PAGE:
The 2nd Earl of Bantry and his wife travelled extensively and purchased many of the treasures in the house. The website tells us he was a passionate art collector who travelled regularly across Europe, visiting Russia, Poland, France and Italy. He brought back shiploads of exotic goods between 1820 and 1840.

To accommodate his new furnishings he built a fourteen bay block on the side of the house opposite to the 1820 addition, consisting of a six-bay centre of two storeys over basement flanked by four-storey bow end wings.

To accommodate his new furnishings, the Viscount built a fourteen bay block to the rear of the old house consisting of a six-bay centre of two storeys over a basement flanked by four-storey bow end wings.

The website tells us:

.”..No doubt inspired by the grand baroque palaces of Germany, he gave the house a sense of architectural unity by lining the walls with giant red brick pilasters with Coade-stone Corinthian capitals, the intervening spaces consisting of grey stucco and the parapet adorned with an attractive stone balustrade.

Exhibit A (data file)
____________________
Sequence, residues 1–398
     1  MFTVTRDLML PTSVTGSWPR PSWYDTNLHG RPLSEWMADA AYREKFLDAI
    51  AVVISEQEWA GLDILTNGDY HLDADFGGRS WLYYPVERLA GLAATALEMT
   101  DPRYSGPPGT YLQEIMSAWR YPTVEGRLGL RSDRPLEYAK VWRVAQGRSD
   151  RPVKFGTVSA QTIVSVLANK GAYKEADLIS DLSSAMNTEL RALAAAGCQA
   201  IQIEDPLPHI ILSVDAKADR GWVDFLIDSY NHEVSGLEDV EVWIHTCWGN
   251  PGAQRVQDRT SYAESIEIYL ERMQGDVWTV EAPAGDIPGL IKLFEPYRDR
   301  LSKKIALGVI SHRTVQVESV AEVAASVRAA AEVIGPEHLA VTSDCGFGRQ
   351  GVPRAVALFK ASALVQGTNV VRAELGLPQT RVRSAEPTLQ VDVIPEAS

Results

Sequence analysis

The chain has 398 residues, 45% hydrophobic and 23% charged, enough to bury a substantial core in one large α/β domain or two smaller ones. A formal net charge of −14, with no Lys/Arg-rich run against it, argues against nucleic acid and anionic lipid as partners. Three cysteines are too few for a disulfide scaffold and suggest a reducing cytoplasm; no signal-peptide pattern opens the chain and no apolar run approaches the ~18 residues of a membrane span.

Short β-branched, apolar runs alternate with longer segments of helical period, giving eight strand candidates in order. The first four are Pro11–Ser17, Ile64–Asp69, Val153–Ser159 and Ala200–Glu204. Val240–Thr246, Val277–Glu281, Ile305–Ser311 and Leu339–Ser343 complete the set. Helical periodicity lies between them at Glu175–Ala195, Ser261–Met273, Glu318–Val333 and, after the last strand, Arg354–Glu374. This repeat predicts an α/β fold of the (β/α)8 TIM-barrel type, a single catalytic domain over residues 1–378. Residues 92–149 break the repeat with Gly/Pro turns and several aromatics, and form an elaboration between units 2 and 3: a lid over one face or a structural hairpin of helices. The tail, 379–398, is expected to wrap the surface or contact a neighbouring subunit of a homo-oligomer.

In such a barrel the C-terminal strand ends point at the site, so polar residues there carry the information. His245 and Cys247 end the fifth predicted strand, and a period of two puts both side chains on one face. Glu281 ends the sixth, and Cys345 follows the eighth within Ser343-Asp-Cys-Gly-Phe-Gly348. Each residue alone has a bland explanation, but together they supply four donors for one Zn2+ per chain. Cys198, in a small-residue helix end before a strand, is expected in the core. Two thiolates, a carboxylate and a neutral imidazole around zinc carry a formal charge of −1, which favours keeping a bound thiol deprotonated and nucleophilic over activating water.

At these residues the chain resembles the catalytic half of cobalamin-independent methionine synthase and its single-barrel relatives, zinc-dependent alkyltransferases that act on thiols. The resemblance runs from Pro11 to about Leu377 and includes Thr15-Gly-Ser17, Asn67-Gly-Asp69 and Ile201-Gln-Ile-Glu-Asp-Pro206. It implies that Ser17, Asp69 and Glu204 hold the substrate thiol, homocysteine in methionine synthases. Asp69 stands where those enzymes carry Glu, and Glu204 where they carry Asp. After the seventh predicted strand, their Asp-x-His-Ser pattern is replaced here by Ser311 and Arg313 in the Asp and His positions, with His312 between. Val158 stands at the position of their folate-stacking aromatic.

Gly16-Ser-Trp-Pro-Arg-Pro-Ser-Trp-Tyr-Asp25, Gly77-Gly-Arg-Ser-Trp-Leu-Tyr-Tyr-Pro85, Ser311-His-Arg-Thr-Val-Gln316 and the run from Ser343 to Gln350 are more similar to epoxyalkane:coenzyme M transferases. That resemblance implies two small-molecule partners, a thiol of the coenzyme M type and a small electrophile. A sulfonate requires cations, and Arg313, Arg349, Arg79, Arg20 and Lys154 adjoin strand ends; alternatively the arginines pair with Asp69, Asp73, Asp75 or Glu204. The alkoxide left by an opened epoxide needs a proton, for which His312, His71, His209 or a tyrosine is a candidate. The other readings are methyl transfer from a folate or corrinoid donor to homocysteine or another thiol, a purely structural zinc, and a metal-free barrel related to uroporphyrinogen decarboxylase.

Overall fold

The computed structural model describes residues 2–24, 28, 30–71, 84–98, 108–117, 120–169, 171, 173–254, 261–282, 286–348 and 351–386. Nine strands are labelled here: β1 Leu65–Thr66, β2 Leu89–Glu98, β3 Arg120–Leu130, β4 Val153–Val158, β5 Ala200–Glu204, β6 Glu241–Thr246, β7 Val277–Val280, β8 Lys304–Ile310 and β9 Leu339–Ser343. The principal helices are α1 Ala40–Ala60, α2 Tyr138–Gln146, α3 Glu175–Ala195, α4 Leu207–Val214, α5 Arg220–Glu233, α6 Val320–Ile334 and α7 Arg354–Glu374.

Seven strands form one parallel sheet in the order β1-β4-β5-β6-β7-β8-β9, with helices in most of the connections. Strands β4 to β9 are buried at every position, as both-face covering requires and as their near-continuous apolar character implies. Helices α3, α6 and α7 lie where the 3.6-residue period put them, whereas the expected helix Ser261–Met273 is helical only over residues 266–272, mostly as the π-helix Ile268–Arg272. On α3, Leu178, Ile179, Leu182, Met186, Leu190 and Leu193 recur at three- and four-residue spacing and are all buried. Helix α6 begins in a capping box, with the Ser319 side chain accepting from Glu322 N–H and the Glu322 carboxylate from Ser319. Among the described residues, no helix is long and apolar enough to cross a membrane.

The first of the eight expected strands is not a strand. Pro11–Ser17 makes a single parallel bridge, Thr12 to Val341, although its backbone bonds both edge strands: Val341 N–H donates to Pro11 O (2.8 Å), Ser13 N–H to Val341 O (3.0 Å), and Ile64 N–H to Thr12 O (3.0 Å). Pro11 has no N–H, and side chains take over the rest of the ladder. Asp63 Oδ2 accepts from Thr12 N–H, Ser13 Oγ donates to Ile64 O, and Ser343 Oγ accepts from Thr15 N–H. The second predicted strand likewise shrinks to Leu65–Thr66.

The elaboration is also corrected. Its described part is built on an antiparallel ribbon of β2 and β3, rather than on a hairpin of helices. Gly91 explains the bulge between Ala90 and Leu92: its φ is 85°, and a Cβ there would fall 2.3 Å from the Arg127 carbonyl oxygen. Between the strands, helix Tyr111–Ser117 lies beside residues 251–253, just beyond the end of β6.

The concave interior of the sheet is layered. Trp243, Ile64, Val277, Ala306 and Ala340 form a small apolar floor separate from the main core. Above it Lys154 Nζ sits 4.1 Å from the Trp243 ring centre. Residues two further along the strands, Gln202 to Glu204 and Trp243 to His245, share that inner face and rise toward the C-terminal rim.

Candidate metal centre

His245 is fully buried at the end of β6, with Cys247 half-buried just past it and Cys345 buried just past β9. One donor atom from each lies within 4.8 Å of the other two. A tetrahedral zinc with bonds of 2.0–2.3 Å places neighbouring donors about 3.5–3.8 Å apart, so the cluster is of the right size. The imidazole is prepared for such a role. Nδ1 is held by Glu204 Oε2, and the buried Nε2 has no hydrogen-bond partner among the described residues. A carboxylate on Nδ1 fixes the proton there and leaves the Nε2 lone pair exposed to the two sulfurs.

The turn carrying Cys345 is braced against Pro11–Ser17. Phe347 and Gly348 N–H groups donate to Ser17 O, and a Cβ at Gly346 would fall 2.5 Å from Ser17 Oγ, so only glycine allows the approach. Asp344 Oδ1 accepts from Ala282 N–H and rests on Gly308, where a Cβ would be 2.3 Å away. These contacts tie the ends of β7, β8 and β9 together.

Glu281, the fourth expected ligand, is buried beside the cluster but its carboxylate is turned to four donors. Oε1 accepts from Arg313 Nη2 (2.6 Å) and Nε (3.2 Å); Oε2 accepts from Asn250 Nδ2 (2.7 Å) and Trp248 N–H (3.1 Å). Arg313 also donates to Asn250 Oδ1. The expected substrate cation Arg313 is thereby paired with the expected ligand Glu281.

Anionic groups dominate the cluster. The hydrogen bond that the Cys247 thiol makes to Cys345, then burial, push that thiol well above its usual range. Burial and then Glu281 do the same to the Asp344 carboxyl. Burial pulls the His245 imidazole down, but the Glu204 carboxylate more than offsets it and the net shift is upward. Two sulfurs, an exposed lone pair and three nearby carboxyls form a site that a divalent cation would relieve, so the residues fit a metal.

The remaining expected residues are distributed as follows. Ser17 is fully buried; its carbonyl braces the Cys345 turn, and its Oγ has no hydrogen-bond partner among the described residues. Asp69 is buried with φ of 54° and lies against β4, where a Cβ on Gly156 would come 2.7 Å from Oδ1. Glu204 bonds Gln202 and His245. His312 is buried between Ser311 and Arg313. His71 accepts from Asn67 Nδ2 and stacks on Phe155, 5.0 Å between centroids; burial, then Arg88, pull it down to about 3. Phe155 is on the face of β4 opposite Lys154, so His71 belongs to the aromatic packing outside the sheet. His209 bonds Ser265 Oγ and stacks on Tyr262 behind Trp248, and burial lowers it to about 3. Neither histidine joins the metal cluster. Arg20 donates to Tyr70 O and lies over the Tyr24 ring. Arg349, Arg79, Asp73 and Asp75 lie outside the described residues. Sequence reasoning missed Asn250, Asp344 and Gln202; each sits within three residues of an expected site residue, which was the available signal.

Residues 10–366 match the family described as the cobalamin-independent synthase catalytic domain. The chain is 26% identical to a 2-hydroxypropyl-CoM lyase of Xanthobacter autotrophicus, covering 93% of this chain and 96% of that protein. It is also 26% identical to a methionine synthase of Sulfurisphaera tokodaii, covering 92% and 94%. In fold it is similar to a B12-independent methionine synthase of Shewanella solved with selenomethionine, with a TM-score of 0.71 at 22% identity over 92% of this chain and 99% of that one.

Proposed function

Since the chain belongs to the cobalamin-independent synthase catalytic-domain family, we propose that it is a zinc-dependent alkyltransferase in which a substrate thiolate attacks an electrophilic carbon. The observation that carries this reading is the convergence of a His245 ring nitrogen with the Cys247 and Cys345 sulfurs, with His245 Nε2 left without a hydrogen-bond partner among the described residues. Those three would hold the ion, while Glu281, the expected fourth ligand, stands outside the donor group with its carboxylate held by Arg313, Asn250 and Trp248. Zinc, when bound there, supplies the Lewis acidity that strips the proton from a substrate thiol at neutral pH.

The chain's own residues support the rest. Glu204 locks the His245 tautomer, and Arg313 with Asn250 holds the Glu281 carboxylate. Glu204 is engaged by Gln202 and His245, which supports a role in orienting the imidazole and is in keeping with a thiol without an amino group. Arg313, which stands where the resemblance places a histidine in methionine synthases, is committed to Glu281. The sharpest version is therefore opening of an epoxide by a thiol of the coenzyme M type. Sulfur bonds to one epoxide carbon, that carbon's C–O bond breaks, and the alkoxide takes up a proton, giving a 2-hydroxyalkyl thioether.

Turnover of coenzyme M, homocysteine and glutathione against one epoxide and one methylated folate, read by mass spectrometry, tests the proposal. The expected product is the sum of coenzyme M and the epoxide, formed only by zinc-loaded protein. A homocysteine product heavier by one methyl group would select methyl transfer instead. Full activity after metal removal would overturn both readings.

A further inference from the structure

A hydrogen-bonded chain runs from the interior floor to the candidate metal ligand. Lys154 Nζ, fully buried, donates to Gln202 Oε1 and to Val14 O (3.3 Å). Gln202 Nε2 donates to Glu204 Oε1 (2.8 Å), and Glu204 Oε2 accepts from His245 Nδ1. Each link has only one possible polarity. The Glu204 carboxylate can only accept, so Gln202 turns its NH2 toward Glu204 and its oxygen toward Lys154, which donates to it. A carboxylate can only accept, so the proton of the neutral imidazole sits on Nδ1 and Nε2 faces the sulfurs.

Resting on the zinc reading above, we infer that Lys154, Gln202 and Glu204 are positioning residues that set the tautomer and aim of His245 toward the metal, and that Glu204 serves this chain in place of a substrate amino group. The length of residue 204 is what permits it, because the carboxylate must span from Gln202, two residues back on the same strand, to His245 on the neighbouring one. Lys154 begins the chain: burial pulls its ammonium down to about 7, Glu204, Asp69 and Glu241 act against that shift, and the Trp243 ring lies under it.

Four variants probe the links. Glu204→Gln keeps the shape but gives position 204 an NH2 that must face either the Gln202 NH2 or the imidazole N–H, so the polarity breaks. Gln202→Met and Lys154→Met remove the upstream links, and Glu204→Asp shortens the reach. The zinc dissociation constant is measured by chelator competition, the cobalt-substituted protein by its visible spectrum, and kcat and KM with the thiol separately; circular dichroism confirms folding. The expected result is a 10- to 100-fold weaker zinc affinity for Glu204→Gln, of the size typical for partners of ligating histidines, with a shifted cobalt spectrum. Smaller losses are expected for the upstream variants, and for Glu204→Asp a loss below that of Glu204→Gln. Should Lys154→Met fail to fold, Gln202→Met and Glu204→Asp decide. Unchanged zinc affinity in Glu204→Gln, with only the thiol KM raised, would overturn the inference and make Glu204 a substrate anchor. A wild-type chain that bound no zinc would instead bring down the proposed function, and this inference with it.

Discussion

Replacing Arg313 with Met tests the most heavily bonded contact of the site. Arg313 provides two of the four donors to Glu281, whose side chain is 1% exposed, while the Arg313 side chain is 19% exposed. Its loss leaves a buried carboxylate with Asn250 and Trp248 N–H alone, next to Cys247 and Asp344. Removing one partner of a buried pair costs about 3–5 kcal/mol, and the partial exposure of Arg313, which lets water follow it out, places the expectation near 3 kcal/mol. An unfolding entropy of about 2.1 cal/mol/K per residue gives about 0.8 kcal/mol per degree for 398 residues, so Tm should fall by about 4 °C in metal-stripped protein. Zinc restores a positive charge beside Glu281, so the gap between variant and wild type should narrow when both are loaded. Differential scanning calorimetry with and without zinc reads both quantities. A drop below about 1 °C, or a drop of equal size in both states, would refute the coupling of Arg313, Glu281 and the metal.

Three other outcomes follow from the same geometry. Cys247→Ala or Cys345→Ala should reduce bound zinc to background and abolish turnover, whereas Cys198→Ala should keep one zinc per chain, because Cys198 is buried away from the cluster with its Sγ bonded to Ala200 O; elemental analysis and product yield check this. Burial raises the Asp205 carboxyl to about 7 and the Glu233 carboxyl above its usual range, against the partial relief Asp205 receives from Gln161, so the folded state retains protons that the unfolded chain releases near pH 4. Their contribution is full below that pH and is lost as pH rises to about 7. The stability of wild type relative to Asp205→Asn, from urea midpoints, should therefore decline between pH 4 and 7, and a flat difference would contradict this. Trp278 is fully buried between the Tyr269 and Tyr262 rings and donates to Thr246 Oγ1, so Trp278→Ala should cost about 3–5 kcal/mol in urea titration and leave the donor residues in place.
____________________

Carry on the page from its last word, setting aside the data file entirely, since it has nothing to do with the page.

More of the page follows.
Bantry House, County Cork.

He also lay out the Italianate gardens, including the magnificent terraces on the hillside behind the house, most of which was undertaken after he had succeeded his father as the second Earl of Bantry in 1851.

After his death in 1867 the property was inherited by his brother William, the third Earl (1801-1884), his grandson William the fourth and last Earl (1854-91), and then passed through the female line to the present owner, Mr. Shelswell-White.

Mark Bence-Jones tells us: “The house is entered through a glazed Corinthian colonnade, built onto the original eighteenth century front in the nineteenth century; there is a similar colonnade on the original garden front.” [2]